Miranda Lambert ‘Heartbroken’ Over Loretta Lynn’s Death, Posts Throwback Pics

by Alex Falls
miranda-lambert-heartbroken-over-loretta-lynns-death-posts-throwback-pics
Bryan Bedder / Staff / Getty

Country music fans and stars alike are all in a state of shock after learning that the iconic Loretta Lynn passed away on Tuesday. After the news broke, tributes began to flood social media with people looking to pay their respects to the Queen of Country Music. Including modern-day star Miranda Lambert.

Lambert has gone on record to name Lynn as one of the primary influences in her career. She was even lucky enough to briefly work with Lynn and share the stage with her hero on several occasions.

Lambert wrote in her post, “I’m so heartbroken to hear about Loretta’s passing. She was so kind to me and she blazed so many trails for all of us girls in country music. Thank you for all the songs. Miss you. Fly high.” She also included a few photos from the times she was lucky enough to spend time with her musical icon.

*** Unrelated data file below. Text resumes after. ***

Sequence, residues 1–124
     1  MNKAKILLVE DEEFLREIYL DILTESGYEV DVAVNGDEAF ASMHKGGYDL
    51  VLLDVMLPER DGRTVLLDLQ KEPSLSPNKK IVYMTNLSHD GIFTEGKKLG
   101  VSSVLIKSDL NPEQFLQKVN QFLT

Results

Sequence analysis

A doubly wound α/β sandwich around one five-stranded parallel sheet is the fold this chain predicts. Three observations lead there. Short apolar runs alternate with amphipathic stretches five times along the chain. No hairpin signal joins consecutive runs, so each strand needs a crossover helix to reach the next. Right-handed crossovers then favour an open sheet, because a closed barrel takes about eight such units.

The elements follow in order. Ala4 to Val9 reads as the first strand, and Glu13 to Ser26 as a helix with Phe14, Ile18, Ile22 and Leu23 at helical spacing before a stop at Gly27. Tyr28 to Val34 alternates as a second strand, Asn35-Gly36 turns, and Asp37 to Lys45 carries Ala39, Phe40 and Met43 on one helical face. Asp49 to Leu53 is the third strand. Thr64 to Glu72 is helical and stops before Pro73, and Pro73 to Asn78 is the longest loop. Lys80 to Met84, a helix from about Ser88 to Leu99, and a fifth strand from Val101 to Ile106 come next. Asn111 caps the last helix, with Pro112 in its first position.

Loretta Lynn’s Illustrious Career

On Tuesday, Lynn’s surviving family issued the following statement: “Our precious mom, Loretta Lynn, passed away peacefully this morning, October 4th, in her sleep at home at her beloved ranch in Hurricane Mills.”

Lynn already had four children before launching her career in the early 1960s, and her songs reflected her pride in her rural Kentucky background.

As a songwriter, she crafted a persona of a defiantly tough woman, a contrast to the stereotypical image of most female country singers. Lynn wrote fearlessly about sex and love, cheating husbands, divorce and birth control and sometimes got in trouble with radio programmers for material from which even rock performers once shied away.

Her biggest hits came in the 1960s and ’70s, including “Coal Miner’s Daughter,” “You Ain’t Woman Enough,” “The Pill,” “Don’t Come Home a Drinkin’ (With Lovin’ on Your Mind),” “Rated X,” and “You’re Looking at Country.” Lynn was known for appearing in floor-length, wide gowns with elaborate embroidery or rhinestones, many created by her longtime personal assistant and designer Tim Cobb.

She also teamed up with singer Conway Twitty to form one of the most popular duos in country music with hits such as “Louisiana Woman, Mississippi Man” and “After the Fire is Gone,” which earned them a Grammy Award. Their duets, and her single records, were always mainstream country and not a crossover or pop-tinged.

Outsider.com